Departing from ‘the literary’ both as a conceptually privileged mode of expression and as a configuration of linguistic experience, this workshop brings together emerging scholars with the aim of directing attention to under-analyzed aspects of Benjamin’s early work on criticism and critique, and to the possible articulations of politics and history contained therein. Presentations will focus on: the relation between criticism, philosophy and literature; irony; the afterlives of Benjamin’s dissertation; allegory and the Baroque. This will be followed by a workshop on the dissertation and selected readings.

Free and open to all, no registration required.
Find out more
Excursions 'Failure' - Call for papers

The concept of failure is gaining traction as a subject of critical attention. Our recent history has been defined by significant and far-reaching failures: from the failure of the U.S. and U.K. governments to find weapons of mass destruction in Iraq, to the more recent collapse of global financial markets. How might an understanding of failure help us to better understand our present moment? To reinterpret our narratives of the past? What does it mean to, in Beckett’s words, ‘Fail again. Fail better’? Excursions Journal are seeking submissions of 3,000-5,000 words from a range of disciplines that engage with conceptions of failure in its varied forms.

The deadline for submissions is Friday 1 April to

Excursions Journal is a peer reviewed, interdisciplinary journal, showcasing innovative and high quality postgraduate research, run by doctoral researchers at the University of Sussex. ‘Failure’ will be Vol. 7, No. 1.
Find out more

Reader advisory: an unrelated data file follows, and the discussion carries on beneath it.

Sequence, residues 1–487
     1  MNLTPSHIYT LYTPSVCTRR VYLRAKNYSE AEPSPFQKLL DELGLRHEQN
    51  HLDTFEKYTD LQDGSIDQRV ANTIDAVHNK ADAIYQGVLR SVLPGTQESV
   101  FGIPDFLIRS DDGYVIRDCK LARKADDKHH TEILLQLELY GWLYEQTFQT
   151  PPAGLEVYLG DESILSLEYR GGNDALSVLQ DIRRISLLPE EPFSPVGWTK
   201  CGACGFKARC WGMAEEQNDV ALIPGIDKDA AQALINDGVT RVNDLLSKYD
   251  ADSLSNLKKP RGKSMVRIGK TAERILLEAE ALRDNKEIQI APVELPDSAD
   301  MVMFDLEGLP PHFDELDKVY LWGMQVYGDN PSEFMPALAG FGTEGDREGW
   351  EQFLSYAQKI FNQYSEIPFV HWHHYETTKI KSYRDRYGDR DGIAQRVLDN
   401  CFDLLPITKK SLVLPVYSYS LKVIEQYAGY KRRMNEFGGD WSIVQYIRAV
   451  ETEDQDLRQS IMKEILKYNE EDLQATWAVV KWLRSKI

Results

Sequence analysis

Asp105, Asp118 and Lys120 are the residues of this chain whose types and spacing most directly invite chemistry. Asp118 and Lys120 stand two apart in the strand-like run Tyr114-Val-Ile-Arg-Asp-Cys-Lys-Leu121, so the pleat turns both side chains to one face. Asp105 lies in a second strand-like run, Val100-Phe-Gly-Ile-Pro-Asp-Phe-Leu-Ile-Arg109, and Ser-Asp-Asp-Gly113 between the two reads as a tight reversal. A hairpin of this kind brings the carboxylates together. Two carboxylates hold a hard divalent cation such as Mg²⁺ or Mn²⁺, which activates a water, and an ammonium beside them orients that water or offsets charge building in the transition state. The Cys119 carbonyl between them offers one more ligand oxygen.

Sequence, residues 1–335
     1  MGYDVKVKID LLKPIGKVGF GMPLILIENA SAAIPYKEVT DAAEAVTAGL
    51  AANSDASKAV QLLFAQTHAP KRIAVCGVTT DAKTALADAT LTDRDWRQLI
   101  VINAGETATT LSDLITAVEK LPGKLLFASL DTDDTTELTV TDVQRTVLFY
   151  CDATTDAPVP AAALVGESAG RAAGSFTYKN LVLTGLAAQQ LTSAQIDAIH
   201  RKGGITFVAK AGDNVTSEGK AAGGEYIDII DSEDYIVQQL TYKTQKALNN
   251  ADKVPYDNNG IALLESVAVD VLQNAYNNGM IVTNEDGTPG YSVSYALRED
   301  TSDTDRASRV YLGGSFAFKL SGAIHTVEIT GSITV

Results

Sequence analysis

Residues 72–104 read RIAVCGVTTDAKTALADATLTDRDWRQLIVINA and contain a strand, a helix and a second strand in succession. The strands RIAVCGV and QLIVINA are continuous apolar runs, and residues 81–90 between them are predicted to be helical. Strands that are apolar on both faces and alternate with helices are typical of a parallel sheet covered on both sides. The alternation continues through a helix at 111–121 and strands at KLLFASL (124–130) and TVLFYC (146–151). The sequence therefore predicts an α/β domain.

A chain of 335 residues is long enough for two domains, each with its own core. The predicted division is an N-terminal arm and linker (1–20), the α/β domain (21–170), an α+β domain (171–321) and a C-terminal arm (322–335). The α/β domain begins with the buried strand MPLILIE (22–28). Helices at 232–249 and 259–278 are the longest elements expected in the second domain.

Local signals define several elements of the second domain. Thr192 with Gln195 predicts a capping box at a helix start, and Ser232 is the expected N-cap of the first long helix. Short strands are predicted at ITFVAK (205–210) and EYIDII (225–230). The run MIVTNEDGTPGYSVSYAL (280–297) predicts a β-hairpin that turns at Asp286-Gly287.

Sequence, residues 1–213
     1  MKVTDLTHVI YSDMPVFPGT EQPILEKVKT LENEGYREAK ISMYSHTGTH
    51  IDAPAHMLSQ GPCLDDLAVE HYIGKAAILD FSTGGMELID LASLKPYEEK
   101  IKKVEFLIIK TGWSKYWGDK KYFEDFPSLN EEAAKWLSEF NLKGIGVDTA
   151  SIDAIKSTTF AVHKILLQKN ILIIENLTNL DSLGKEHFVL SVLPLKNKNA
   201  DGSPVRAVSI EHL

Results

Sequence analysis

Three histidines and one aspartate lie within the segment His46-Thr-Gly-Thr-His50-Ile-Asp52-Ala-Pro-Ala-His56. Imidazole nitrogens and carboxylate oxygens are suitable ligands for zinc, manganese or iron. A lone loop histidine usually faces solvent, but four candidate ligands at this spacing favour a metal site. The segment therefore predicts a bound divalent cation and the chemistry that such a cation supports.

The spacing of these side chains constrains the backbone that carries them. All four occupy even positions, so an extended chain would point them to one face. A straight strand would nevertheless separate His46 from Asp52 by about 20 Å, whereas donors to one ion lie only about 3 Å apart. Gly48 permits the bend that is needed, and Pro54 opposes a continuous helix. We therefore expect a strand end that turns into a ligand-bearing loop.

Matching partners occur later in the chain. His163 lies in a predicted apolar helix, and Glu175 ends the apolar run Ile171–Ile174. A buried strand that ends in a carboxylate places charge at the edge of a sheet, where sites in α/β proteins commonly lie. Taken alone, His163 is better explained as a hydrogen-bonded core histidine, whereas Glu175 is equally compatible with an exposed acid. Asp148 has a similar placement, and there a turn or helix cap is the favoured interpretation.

As a CHASE funded student you can apply for support for travel and subsistence costs for presenting at conferences or symposia relevant to your research or career development.*

Please use the CHASE application form for student support funding available on the CHASE VRE
St Anthony's International Review (STAIR) "Home, Displacement and Belonging"

Seeking submissions from diverse disciplines like Anthropology, Area Studies, Development Studies, Economics, Geography, International Relations, Migration and Refugee Studies, Political Science, Sociology, and Religious Studies and others.
Abstracts of 500 words should be submitted no later than Tuesday 15 March to

Find out more
Association for the Study of Modern Italy - Postgraduate Summer School 2016
University of Bristol
Thursday 23 - Friday 24 June

Proposals welcomed from postgraduate students and early career scholars for papers on any aspect of Modern Italian culture, history, politics and society from the eighteenth to the twenty-first century.

Please send an abstract (max 250 words) and a short biography (max 100 words) to the conference organisers at by Thursday 31st March 2016.

Find out more
Researchfish survey – final reminder and clarification
AHRC’s survey of ‘research outputs’ is open until 10 March at 4pm. If you have received an email  from Researchfish, please ensure that you follow the instructions and complete the survey.
Only students in the second year of their funding need to respond (if you are in the first year of funding, you won’t have received an invitation to complete the survey).
Among other types of activity, AHRC are interested to hear if you have actively participated in a conference or workshop, e.g. organising an event or presenting a paper. Please include these using the options in the Engagement section “A talk presentation or debate” or “Event, workshop or similar”.